The Justice Department announced charges Tuesday against a Florida woman who allegedly threatened to kill the federal judge in Texas who issued a major ruling that would’ve taken a key medication abortion pill off the market.
Alice Marie Pence, 67, of Port Charlotte, Florida, allegedly placed a phone call in March to a judge’s chambers in Amarillo, Texas, in which she threatened to kill the judge.
While court documents do not identify the judge by name, the only district judge in Amarillo is Matthew Kacsmaryk, who presided over a high-profile challenge to the US Food and Drug Administration’s two-decade-old approval of the medication abortion drug mifepristone. The court filings don’t say anything about Pence’s motivation for the alleged threats and don’t mention the abortion-related case.
Pence is charged with transmitting interstate threats and intending to influence a federal official by threat. She is scheduled for an initial appearance in court next week and has not yet entered a formal plea.
A lawyer for Pence is not yet listed on the court docket. The federal court in Texas did not immediately respond to a request for comment.
According to court filings, the allegedly threatening call was placed one day after news broke in March that Kacsmaryk had scheduled a major hearing in the mifepristone case.
In April, Kacsmaryk suspended the FDA’s approval of mifepristone and a federal appeals court later affirmed some parts of his ruling. But the drug has remained available after the Supreme Court earlier this year signed an order saying access to it will be the same until all legal challenges are resolved. DOJ and a manufacturer of the drug have asked the justices to take up the case and overturn the court rulings that would roll back access to the drug.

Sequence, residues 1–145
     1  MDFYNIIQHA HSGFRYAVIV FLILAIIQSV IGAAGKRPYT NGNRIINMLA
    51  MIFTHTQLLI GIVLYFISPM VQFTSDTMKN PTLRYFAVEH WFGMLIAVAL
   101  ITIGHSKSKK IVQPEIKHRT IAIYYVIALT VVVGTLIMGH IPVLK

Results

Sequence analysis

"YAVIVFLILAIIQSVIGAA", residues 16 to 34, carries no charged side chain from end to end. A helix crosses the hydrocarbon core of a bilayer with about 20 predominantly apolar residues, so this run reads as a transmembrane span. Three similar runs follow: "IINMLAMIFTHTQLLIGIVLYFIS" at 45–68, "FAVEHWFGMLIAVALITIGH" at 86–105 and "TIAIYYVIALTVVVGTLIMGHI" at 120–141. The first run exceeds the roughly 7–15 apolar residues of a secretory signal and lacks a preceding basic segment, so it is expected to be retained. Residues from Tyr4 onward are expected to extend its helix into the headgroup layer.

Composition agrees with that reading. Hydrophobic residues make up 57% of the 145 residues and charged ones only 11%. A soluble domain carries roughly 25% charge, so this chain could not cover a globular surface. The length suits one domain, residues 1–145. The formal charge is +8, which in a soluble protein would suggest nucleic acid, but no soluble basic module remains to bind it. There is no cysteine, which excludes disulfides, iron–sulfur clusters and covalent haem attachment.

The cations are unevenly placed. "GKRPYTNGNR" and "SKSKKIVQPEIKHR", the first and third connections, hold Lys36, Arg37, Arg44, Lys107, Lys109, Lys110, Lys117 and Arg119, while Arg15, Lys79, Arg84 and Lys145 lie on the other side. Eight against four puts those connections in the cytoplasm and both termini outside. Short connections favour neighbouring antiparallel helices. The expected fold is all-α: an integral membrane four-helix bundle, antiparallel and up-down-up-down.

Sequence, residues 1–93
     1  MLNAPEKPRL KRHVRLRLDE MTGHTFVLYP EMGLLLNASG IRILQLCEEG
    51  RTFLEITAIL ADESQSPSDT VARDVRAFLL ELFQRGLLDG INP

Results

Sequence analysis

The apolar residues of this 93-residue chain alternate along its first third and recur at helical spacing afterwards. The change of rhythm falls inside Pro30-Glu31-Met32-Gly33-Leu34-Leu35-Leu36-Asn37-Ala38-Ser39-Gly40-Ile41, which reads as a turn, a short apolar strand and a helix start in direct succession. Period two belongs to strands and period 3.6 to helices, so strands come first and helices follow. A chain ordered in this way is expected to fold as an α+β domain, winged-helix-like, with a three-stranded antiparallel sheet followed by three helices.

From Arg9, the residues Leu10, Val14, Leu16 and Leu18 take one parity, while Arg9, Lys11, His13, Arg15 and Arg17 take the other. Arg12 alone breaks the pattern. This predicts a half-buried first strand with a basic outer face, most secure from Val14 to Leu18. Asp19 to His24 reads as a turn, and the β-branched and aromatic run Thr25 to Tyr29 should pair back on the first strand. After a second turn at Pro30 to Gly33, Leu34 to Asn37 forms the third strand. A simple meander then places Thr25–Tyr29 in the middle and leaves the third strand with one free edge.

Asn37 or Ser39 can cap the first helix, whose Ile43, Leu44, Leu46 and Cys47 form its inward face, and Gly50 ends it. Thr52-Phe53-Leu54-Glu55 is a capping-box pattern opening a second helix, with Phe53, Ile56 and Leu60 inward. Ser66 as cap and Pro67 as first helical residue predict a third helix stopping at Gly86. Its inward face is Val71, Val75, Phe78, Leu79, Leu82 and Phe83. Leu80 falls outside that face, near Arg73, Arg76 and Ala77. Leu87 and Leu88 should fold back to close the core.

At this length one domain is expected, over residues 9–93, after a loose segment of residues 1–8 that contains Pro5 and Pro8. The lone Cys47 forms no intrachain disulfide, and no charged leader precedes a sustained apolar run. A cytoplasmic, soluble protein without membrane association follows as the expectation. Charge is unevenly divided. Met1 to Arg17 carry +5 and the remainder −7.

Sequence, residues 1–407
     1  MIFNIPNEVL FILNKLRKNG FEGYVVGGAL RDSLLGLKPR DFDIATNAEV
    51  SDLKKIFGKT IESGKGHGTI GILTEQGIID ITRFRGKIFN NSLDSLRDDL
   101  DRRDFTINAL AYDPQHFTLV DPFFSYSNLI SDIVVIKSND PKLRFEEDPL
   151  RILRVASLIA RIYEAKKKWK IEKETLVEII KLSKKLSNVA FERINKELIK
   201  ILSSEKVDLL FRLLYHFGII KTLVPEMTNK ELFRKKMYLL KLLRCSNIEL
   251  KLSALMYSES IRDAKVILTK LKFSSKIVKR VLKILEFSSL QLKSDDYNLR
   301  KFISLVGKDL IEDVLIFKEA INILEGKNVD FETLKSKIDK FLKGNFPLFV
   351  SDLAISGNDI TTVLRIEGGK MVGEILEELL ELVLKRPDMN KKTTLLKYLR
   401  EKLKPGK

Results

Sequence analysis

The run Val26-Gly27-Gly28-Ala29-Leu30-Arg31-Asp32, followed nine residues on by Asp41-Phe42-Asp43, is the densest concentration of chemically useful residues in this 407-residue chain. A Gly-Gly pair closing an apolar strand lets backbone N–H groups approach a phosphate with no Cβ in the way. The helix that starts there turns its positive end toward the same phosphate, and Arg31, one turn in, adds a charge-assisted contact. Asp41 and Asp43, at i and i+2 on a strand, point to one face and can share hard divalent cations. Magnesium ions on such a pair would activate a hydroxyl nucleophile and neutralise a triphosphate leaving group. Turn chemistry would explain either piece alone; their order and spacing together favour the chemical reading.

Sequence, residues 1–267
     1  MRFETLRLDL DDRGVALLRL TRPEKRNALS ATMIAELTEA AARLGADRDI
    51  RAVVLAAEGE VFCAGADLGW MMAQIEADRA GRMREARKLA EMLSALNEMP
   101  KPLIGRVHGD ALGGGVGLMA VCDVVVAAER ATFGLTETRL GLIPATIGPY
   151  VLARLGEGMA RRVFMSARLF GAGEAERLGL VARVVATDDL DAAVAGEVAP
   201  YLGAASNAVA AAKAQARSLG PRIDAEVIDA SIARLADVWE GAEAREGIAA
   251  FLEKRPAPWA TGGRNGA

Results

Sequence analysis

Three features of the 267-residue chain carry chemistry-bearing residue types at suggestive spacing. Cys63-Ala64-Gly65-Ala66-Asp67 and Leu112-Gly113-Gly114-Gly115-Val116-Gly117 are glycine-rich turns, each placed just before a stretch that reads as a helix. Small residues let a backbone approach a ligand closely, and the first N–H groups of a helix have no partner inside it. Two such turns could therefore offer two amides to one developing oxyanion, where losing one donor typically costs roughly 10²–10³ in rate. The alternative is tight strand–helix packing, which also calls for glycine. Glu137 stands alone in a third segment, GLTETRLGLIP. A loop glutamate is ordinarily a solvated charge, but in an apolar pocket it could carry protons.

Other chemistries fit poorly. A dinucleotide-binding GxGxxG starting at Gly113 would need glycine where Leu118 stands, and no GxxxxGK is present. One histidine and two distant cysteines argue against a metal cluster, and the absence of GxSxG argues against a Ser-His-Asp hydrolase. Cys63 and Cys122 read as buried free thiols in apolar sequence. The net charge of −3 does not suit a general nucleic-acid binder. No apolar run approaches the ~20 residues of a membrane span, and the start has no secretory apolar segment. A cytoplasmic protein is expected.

Tuesday’s announcement comes as federal law enforcement officials face an increasing number of threats from the public. Other federal judges – including both the judge overseeing former President Donald Trump’s classified documents case in Florida and his election subversion case in Washington, DC – have received death threats. Supreme Court justices have also faced increased threats, including one man charged with attempting to murder Justice Brett Kavanaugh.
Attorney General Merrick Garland and FBI Director Christopher Wray have repeatedly warned about the rise in threat levels, and have reiterated their commitment to prosecuting those who make criminal threats.
Federal prosecutors also announced charges Tuesday against 44-year-old Daniel Ray Garcia for allegedly sending threatening letters to a federal judge in Lubbock, Texas. The judge is not named in court filings.
Garcia is currently being held in custody, and his lawyers have requested that he be evaluated by a medical professional to determine whether Garcia is competent to stand trial.
CNN has reached out to Garcia’s lawyer for comment.
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